My Friend Dahmer review - Ross Lynch shines in an otherwise dull narrative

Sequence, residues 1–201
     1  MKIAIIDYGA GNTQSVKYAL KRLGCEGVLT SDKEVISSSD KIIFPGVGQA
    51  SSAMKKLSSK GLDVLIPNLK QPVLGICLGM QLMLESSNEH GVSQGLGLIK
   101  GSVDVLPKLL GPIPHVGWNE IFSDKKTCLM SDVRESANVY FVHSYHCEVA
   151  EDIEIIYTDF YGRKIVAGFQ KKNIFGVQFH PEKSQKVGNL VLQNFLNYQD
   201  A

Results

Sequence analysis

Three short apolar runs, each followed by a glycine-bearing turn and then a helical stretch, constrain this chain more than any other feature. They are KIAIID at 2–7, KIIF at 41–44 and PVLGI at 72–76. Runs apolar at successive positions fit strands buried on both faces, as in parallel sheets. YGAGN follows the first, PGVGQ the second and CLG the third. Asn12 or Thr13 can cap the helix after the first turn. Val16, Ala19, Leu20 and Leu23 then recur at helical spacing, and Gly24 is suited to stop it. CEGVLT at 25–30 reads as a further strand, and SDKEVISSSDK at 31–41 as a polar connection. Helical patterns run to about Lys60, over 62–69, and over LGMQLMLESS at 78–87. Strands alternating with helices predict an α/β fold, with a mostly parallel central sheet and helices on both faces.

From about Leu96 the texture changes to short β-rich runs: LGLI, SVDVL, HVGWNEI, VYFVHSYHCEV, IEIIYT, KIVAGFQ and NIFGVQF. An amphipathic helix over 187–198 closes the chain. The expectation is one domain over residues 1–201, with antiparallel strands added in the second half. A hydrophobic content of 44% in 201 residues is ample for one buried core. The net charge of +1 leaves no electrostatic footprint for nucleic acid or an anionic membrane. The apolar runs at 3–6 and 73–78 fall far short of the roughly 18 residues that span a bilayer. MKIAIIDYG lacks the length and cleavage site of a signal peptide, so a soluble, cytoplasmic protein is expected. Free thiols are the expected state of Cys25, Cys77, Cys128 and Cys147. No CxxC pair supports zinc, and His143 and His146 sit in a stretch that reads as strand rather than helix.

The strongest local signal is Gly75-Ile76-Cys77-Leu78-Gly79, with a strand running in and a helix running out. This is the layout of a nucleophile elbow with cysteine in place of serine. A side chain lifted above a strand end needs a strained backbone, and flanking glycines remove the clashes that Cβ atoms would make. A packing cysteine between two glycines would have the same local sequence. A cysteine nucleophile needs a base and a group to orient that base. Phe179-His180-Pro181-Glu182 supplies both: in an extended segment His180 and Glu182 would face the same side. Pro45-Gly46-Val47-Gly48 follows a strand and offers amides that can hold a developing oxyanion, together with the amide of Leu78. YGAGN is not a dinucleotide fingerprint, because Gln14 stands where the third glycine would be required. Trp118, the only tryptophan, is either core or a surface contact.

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Verdict: Viewers expecting a suspense-filled thrill ride will leave disappointed; for lovers of a (very) slow pace only. Set in the late 1980s, My Friend Dahmer observes the personal life of who would come to be known as the Milwaukee Cannibal, in the months prior to his first killing. Marc Meyer’s new biopic is not the suspense-filled thriller many viewers may expect, but it does offer an interesting look into the headspace of Jeffrey Dahmer in his formative years. The film can be best appreciated as just that: an observation of a deeply troubled, true-life character. Each scene works in revealing an aspect of Dahmer’s life that could be deemed either a trigger for his sociopathic manner or a result of it, creating a picture of the boy behind the killer, rather than merely portraying the evil that modern society know of him – the film presents a Dahmer uninfluenced by his subsequent killings, only focusing on the here and now (or, more aptly put, then and there). Technically speaking, My Friend Dahmer is slick in its cinematography and uses camera movement to its advantage, emphasising Dahmer’s instability and social ostracization effectively through its visuals. The film is actually at its finest when it projects Dahmer’s mind onto the screen creatively and blurs the lines between his reality and fantasy. This is where the film’s potential lay: in its creative ability to present an infamous killer in a different light. However, whether the film fulfilled this potential is questionable. Whilst the film offers a new insight into the life of Dahmer and the serial killer genre as a whole, it leaves a lot to be desired in terms of narrative and engagement.
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